What can I do to help my child build a strong, healthy body?
- Do not focus on changes you think your child needs to make. For example, your child's healthcare provider can tell you if your child's weight is in a healthy range. You can help by encouraging healthy foods and exercise to help reach or maintain a healthy weight.
- Do not put your child on a diet. Your child's healthcare provider can help you create a safe weight loss plan if your child does need to lose weight. Your child needs a variety of foods every day to get the nutrition he or she needs. Offer your child healthy foods and snacks. Help your child make healthy food choices. Do not punish him or her for eating something that is not part of the meal plan. Talk about the decision and explain what would have been a healthier choice.
- Help your child get more activity. Encourage at least 1 hour of physical activity each day. Your child may enjoy activity more if the whole family participates together.
- Limit your child's screen time. Screen time is the amount of television, computer, smart phone, and video game time your child has each day. It is important to limit screen time. This helps your child get enough sleep, physical activity, and social interaction each day. Your child's pediatrician can help you create a screen time plan. The daily limit is usually 1 hour for children 2 to 5 years. The daily limit is usually 2 hours for children 6 years or older. You can also set limits on the kinds of devices your child can use, and where he or she can use them. Keep the plan where your child and anyone who takes care of him or her can see it. Create a plan for each child in your family. You can also go to https://www.healthychildren.org/English/media/Pages/default.aspx#planview for more help creating a plan.
- Talk to your child about not smoking. Adolescents may become interested in smoking. This may be a way of fitting in with members of a group or controlling his or her weight. Talk to your child about the dangers of smoking. Explain that e-cigarettes and smokeless tobacco products also contain nicotine and should not be used. Set firm rules that your child is not allowed to use any form of tobacco.
Call 911 if:
- Your child tries to harm himself or herself, or does something to cause harm.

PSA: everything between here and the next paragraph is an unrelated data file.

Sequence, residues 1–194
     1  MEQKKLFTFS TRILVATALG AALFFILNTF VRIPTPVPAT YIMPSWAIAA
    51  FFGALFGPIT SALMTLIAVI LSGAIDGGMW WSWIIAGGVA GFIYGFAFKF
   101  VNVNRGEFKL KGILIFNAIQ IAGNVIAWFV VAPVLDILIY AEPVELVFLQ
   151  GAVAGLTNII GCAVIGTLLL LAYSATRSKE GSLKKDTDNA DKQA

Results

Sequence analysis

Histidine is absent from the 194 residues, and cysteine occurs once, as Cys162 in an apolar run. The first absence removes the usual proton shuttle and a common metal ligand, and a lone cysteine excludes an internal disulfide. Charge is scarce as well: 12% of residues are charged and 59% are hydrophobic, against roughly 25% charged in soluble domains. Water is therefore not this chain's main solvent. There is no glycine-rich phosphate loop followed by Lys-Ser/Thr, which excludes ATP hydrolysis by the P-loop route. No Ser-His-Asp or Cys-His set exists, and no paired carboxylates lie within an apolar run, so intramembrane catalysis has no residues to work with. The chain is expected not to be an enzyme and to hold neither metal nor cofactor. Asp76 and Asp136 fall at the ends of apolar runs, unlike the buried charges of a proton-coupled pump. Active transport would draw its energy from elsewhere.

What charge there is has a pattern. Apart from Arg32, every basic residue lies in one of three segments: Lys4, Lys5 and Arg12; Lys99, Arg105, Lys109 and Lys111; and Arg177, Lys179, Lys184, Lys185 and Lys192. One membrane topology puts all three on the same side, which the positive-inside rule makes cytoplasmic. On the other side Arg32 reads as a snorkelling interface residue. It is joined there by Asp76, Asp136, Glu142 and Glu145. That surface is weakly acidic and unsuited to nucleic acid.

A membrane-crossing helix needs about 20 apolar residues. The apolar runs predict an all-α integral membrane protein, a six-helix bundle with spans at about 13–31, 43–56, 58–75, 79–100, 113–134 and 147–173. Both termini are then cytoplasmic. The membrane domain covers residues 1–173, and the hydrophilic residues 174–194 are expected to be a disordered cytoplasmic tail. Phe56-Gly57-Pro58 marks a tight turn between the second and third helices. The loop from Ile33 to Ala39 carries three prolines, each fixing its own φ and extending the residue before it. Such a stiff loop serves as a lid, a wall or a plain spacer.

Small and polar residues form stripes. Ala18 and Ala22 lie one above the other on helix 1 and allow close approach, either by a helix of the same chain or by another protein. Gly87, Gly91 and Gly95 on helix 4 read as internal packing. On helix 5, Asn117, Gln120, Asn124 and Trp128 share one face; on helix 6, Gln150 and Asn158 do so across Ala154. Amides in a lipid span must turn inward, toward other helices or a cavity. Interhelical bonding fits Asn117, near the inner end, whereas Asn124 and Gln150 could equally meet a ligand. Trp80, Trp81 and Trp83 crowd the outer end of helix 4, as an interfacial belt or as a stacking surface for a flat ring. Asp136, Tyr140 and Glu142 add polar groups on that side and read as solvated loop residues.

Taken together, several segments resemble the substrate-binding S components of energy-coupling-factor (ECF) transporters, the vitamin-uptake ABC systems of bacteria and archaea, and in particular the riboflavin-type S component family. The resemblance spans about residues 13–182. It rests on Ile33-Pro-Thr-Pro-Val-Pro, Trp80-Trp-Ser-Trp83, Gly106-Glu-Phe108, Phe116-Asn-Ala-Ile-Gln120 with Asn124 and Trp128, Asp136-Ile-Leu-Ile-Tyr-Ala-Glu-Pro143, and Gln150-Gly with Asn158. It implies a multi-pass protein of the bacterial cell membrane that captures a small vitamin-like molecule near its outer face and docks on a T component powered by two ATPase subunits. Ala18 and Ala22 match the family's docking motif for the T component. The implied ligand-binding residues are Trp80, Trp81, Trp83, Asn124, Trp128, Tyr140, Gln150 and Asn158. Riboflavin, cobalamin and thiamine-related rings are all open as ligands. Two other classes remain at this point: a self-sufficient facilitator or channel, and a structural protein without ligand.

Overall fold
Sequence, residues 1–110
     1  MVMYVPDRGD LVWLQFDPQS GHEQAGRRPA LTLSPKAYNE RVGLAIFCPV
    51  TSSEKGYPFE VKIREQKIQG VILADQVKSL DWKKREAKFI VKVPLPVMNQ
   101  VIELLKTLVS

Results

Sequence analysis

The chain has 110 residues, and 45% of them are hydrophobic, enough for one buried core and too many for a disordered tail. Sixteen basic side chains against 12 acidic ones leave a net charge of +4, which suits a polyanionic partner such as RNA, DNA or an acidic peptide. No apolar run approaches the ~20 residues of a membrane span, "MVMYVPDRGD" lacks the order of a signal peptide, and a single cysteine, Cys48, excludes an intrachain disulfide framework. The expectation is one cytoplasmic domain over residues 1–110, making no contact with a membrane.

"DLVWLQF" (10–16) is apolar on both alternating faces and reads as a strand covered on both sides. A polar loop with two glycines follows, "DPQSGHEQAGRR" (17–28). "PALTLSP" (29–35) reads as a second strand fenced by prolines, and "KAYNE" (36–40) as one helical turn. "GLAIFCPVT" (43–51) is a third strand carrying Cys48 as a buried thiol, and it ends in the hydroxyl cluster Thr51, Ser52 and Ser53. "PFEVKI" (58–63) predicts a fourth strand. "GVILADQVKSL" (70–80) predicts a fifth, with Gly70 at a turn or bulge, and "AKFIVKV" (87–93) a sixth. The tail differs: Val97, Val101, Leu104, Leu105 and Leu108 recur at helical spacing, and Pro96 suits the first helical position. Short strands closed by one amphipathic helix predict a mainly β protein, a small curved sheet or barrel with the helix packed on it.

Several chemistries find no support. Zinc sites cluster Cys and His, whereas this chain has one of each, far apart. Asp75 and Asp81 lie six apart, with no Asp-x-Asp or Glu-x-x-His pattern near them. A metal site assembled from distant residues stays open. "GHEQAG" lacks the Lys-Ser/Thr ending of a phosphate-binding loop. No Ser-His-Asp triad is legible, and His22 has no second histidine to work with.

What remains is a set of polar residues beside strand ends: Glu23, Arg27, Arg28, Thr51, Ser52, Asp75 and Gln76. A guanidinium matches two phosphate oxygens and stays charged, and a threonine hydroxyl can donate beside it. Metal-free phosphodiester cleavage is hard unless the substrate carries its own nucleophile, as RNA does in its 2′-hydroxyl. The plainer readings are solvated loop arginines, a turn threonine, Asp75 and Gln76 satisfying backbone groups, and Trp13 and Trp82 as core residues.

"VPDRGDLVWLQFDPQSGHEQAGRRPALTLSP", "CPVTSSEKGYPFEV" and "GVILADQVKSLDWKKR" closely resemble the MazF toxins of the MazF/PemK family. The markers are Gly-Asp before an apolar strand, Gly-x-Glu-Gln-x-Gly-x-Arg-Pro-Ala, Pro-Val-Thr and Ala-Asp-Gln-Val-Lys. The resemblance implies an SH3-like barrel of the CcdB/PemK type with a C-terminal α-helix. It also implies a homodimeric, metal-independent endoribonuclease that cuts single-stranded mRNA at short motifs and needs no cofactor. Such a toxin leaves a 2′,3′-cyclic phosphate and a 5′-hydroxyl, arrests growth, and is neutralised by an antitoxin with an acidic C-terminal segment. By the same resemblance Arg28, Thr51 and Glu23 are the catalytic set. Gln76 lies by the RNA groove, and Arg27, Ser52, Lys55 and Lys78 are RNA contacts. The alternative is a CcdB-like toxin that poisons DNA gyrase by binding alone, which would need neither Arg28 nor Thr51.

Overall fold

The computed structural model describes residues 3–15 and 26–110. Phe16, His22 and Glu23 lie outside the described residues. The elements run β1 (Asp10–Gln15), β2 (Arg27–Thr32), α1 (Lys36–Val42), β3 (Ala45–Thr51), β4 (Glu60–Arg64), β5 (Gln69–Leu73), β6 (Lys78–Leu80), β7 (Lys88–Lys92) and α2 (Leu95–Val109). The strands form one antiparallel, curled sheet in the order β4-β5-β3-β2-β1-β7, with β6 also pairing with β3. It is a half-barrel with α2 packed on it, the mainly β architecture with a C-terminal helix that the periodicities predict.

When should I seek immediate care?
- Your child's heart is beating fast.
- Your child fainted.
When should I contact my child's healthcare provider?
- You have questions or concerns about your child's condition or care.
Care AgreementYou have the right to help plan your child's care. Learn about your child's health condition and how it may be treated. Discuss treatment options with your child's healthcare providers to decide what care you want for your child. The above information is an educational aid only. It is not intended as medical advice for individual conditions or treatments. Talk to your doctor, nurse or pharmacist before following any medical regimen to see if it is safe and effective for you.
© Copyright IBM Corporation 2021 Information is for End User's use only and may not be sold, redistributed or otherwise used for commercial purposes. All illustrations and images included in CareNotes® are the copyrighted property of A.D.A.M., Inc. or IBM Watson Health
Learn more about Your Child's Body Image
IBM Watson Micromedex
- Body Image in Adolescents
- Gender Identity in Adolescents
- Gender Identity in your Adolescent
- Hemoglobin A1c
- Hepatitis B in Children
- Hepatitis B Vaccine
- How to Childproof your Home
- Medication Safety for Children
- Promote Healthy Teeth and Gums in Young Children
- Separation Anxiety Disorder
- Tips for Toilet Training
- Well Child Visit at 1 Month
- Well Child Visit at 1 Week
- Well Child Visit at 11 to 14 Years
- Well Child Visit at 12 Months
- Well Child Visit at 15 Months
- Well Child Visit at 18 Months
- Well Child Visit at 2 Months
- Well Child Visit at 2 Years
- Well Child Visit at 3 Years
- Well Child Visit at 30 Months
- Well Child Visit at 4 Months
- Well Child Visit at 4 Years
- Well Child Visit at 5 to 6 Years
- Well Child Visit at 6 Months
- Well Child Visit at 7 to 8 Years
- Well Child Visit at 9 Months
- Well Child Visit at 9 to 10 Years
- Well Child Visits
- Well Visit Information for Teens at 15 to 18 Years
Always consult your healthcare provider to ensure the information displayed on this page applies to your personal circumstances.